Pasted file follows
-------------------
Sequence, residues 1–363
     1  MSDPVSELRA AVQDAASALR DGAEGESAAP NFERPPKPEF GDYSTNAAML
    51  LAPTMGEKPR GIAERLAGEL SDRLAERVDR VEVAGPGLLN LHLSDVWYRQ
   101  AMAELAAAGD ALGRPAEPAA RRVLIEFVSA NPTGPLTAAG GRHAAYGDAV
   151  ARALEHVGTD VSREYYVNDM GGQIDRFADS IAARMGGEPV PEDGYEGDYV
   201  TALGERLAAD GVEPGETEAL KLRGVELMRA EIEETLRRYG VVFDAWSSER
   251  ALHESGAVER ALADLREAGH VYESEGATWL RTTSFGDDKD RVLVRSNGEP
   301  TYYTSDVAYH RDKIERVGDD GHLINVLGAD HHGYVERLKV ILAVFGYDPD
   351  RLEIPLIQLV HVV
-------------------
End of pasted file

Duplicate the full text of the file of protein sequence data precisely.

Sequence, residues 1–363
     1  MSDPVSELRA AVQDAASALR DGAEGESAAP NFERPPKPEF GDYSTNAAML
    51  LAPTMGEKPR GIAERLAGEL SDRLAERVDR VEVAGPGLLN LHLSDVWYRQ
   101  AMAELAAAGD ALGRPAEPAA RRVLIEFVSA NPTGPLTAAG GRHAAYGDAV
   151  ARALEHVGTD VSREYYVNDM GGQIDRFADS IAARMGGEPV PEDGYEGDYV
   201  TALGERLAAD GVEPGETEAL KLRGVELMRA EIEETLRRYG VVFDAWSSER
   251  ALHESGAVER ALADLREAGH VYESEGATWL RTTSFGDDKD RVLVRSNGEP
   301  TYYTSDVAYH RDKIERVGDD GHLINVLGAD HHGYVERLKV ILAVFGYDPD
   351  RLEIPLIQLV HVV